listed on the SGX, and pending conclusion of the review, the existing policy of SGX of not
listing issuers with dual-class share structures will continue to apply. Proponents of dual-class
share structures argue that weighted voting would allow founding shareholders more
protection to pursue their long-term vision for the company against shareholder demands for
short-term returns. Detractors point out that such structures remove a significant channel of
accountability by the management, who are typically the ones holding shares with superior
voting rights, and who could potentially exercise untrammelled control over the company
despite owning much less equity than the rest of the investors. Nevertheless, SGX is set to


lay out ground rules allowing for multiple class share structures which, coupled with support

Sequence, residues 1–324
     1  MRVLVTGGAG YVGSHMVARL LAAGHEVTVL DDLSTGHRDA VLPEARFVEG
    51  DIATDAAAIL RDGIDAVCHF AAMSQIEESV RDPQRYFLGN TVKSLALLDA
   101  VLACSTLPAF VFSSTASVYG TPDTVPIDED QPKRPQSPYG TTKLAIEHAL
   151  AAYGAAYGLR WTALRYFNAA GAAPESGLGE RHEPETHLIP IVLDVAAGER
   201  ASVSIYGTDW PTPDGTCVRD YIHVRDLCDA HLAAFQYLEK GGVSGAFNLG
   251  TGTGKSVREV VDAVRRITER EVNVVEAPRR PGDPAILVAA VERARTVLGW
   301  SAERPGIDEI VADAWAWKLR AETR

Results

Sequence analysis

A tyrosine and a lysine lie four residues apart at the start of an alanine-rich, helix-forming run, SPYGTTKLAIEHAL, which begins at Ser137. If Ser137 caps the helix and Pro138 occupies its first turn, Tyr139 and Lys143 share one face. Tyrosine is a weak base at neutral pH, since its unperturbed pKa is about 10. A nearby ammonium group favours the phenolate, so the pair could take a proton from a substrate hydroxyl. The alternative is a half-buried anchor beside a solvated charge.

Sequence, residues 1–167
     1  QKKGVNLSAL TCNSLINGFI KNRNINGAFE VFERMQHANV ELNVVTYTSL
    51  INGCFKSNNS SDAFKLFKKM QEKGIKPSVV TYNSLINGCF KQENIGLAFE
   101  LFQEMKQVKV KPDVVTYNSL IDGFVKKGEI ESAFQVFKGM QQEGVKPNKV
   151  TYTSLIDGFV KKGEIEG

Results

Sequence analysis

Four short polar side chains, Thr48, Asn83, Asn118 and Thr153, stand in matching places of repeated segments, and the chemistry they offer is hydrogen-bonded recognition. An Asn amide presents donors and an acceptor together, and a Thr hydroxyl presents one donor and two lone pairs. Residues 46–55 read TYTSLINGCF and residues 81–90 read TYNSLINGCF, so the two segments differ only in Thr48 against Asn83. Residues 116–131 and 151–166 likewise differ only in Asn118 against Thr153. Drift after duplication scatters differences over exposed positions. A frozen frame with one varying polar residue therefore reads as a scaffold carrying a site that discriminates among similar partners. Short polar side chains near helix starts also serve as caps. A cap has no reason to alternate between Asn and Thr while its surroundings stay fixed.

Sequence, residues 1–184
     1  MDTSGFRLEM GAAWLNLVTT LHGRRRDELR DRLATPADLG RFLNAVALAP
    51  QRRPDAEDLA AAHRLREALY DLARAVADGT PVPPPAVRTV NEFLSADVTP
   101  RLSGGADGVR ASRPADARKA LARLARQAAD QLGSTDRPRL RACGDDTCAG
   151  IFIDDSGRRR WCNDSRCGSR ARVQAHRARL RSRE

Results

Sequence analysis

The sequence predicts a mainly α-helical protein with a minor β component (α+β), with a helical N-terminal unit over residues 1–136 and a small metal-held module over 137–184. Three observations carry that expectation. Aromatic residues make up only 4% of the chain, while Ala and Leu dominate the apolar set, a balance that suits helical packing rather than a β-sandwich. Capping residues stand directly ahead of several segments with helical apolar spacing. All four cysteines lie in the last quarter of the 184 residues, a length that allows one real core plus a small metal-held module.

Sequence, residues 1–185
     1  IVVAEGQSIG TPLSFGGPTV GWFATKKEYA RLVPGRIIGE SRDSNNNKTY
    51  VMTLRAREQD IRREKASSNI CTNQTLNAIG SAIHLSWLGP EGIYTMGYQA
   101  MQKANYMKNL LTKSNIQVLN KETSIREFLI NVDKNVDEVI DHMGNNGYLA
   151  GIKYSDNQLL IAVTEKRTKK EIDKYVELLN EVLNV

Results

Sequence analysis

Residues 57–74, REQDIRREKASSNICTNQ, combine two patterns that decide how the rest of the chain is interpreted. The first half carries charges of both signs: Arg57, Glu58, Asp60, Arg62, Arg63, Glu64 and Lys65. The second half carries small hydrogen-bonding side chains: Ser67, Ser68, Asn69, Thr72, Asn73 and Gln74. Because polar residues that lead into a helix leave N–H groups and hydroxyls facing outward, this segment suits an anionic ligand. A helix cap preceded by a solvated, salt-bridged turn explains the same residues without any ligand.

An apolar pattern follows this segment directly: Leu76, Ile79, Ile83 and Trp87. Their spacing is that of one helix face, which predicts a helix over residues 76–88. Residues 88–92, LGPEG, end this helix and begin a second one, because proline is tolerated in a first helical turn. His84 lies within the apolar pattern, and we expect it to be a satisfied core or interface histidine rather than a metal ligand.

from investor lobby group SIAS, suggest that it is likely only a matter of time before the first
dual-class shares begin trading in Singapore.20

iii Conduct of shareholder meetings

Earlier in 2014, SGX amended the listing rules for both the Mainboard and Catalist to require
all SGX primary-listed companies and trusts to hold their general meetings in Singapore
unless they are prohibited from doing so by laws and regulations in their jurisdiction of
incorporation. Where general meetings are convened outside Singapore, issuers should make
arrangements such as video conference or webcast to enable shareholders based in Singapore
to follow the proceedings during the general meetings, in addition to holding information
meetings for the shareholders in Singapore. With effect from August 2015, all issuers are
also required to ensure that all resolutions at general meetings are voted by poll and that at
least one scrutineer is appointed for each general meeting. The appointed scrutineer should
be independent of the persons undertaking the polling process, and will be responsible to